<operating system> The bit in the mode of a Unix file which, if set for an executable, tells the kernel to keep the code loaded in swap space even after it has finished executing on the assumption that it is likely to be used again soon. This performance optimisation was included in some early (and recent?) versions of Unix to save reloading frequently used programs such as the shell or vi from disk.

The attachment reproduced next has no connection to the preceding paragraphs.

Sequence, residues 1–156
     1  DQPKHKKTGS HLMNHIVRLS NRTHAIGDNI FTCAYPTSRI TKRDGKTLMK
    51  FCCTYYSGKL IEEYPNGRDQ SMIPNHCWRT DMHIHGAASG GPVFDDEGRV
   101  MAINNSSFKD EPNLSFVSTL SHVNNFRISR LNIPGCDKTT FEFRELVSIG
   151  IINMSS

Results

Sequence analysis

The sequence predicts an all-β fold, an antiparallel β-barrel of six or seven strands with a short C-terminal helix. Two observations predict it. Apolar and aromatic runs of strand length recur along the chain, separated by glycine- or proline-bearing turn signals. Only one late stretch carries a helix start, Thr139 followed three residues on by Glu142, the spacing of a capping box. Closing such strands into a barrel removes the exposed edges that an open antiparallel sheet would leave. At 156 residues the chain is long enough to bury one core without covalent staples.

If the sticky bit is set on a directory, an unprivileged user may not delete or rename files of other users in that directory even if he has write access to the directory.
The Unix "ls" command displays a set sticky bit as a "t" in the permissions of a file or directory.